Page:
I believe that silence is golden.
Even in graduate school, when I was an adult and should have known better, I was asked to move away from my neighbor because we were talking during class. Though I should have been embarrassed, I was just used to it—I was always the child being moved for being “too social.” I couldn’t help myself—I liked to chat and meet people and it comforted me to know that my grandmother had been the same way. I struck up conversations with strangers when I was waiting in line and friends would roll their eyes, but of course, when they were too shy to complain about food at a restaurant, they asked me to speak up. Talking didn’t intimidate me. And, when I couldn’t talk to anyone, I would write it out—pages and pages which turned into volumes of journals. Most thoughts in my head felt eager to get out, past my lips or fingers—this was me, being me—always the big talker.
In May 2006, I was shifting directions and it was uncomfortable and sudden, like a hard jolt of a bumper car crashing into me—moving homes, ended relationship and upheaval at work. My life was moving forward and I felt like I was being dragged along like a dog at the end of a leash. I was lost in my various identities as a daughter, sister, aunt, friend, lover and co-worker and the responsibilities that come with each of those things. For the first time I can remember, I didn’t want to talk. I didn’t want to think about anything aloud—I didn’t want to hear my voice and I didn’t want to meet anyone; I didn’t feel curious or friendly. Even the pulse of New York—my home and the city that I love—had become too much.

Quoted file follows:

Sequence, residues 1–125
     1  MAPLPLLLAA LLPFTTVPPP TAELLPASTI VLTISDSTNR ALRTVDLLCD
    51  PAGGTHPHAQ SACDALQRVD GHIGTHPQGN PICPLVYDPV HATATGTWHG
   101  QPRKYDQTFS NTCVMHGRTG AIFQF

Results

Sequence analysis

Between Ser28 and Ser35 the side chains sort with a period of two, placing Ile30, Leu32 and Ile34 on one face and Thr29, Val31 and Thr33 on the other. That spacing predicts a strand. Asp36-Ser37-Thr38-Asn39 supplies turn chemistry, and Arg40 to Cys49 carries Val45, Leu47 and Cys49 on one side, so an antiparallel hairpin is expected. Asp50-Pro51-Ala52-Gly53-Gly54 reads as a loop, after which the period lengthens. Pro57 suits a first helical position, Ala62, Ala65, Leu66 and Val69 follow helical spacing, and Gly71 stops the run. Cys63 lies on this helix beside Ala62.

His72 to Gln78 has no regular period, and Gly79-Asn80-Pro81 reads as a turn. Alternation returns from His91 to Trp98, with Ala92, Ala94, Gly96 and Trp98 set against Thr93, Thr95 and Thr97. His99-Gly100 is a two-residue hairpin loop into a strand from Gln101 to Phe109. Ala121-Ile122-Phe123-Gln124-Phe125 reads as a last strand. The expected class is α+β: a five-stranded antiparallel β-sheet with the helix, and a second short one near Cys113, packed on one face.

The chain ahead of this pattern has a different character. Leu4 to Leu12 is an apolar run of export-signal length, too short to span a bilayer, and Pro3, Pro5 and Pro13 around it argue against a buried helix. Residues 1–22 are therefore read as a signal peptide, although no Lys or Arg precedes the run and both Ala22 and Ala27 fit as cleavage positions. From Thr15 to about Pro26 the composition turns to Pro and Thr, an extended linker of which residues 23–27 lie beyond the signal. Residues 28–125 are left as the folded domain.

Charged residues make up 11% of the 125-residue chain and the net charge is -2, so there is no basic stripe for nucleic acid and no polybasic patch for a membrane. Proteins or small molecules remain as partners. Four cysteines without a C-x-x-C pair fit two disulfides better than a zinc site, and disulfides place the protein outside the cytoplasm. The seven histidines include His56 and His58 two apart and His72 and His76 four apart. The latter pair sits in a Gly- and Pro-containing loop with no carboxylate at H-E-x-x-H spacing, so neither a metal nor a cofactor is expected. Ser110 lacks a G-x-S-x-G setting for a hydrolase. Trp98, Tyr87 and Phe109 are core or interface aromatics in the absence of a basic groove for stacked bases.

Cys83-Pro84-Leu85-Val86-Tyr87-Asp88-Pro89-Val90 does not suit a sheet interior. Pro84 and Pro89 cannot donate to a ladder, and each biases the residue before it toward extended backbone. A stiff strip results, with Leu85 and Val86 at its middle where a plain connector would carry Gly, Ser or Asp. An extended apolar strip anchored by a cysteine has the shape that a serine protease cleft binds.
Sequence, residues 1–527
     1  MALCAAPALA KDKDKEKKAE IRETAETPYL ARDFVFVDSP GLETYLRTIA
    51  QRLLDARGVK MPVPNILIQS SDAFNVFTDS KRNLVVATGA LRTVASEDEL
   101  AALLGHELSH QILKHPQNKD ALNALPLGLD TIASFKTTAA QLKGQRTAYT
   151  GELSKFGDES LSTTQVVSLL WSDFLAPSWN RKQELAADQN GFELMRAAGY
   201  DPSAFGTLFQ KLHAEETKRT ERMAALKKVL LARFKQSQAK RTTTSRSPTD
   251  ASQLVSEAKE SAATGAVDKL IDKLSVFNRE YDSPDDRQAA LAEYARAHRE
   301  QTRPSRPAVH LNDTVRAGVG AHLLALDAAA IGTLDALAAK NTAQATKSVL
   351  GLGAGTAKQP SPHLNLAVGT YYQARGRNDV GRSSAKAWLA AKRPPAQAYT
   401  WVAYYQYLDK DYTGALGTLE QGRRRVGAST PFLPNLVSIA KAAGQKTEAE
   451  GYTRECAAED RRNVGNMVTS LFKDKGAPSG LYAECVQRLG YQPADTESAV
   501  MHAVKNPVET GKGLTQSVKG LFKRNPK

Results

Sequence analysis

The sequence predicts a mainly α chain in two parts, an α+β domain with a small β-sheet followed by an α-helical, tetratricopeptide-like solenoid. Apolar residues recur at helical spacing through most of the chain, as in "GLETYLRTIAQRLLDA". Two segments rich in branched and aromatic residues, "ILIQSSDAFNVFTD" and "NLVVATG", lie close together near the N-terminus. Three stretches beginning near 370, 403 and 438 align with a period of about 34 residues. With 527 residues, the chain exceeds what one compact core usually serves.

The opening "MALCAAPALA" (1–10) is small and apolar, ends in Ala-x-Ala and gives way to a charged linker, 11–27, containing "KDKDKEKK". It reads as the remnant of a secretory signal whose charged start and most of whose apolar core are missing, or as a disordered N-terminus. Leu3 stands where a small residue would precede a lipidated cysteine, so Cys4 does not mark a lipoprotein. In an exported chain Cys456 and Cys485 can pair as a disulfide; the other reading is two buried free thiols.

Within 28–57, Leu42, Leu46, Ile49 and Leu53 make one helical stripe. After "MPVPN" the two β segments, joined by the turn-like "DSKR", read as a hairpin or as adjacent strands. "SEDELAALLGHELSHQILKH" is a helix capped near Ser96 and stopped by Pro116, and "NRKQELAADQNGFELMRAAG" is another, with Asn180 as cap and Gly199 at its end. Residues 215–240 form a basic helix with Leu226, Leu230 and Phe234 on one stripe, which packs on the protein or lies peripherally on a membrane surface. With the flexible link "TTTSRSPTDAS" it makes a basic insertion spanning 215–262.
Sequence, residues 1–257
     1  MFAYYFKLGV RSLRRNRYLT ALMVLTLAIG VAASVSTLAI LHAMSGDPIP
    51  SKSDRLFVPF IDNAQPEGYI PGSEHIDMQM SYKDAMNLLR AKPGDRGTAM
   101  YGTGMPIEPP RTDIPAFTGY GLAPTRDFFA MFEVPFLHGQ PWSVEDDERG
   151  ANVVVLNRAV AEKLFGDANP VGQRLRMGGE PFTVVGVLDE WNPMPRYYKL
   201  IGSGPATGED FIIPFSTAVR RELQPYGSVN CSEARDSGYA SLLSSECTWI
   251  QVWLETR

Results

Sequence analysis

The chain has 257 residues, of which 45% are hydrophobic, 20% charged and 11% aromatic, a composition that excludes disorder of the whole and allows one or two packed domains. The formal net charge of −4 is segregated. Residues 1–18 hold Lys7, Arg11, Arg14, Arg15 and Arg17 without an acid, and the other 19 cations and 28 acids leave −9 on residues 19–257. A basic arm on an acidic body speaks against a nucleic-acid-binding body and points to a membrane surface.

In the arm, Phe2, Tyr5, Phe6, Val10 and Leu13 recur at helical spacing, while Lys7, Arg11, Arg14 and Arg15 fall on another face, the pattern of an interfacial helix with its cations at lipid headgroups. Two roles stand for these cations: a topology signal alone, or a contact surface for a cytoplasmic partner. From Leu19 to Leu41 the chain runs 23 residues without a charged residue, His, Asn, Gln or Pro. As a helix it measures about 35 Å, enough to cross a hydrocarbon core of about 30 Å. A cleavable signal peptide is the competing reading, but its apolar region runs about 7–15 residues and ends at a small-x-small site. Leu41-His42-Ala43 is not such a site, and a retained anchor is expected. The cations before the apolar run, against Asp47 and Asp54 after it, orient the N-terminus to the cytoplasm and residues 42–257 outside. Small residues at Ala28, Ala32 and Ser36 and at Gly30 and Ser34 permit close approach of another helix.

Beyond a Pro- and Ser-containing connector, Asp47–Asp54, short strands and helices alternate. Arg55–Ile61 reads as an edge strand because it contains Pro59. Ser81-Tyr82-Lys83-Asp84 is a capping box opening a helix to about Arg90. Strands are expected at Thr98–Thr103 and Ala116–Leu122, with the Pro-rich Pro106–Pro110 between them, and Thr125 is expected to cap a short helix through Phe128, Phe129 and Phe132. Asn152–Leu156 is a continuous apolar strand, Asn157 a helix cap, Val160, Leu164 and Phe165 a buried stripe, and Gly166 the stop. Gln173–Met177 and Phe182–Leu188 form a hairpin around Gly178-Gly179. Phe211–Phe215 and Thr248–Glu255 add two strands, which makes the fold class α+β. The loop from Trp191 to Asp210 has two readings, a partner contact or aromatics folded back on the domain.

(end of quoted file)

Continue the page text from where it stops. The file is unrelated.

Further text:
One balmy Friday afternoon, I caught a train north and an hour later, I was delivered to an ashram in the foothills of the Catskills. Without hesitation, I fastened a round yellow button to my chest that read, “In Silence” and I stopped talking entirely for the next 3 days. There were thirty guests that weekend and only two of us were silent. Two of us were the outcasts, who ate alone, hiked alone and sat in the corner alone during lectures. I was surrounded by talking—introductions between strangers, comments on yoga poses and the low hum of ‘om’ but I stayed silent. As I heard different bits of conversation at meals, I didn’t feel compelled to engage; it was a new sensation, a new way to observe life and a new freedom. And I found that when my mouth was still, my mind was able to begin untangling the knotted yarn of my thoughts and through the quiet, the static lessened and I was able to regain my inner strength and resolve. Becuase through the silence, I was finally able to hear myself.
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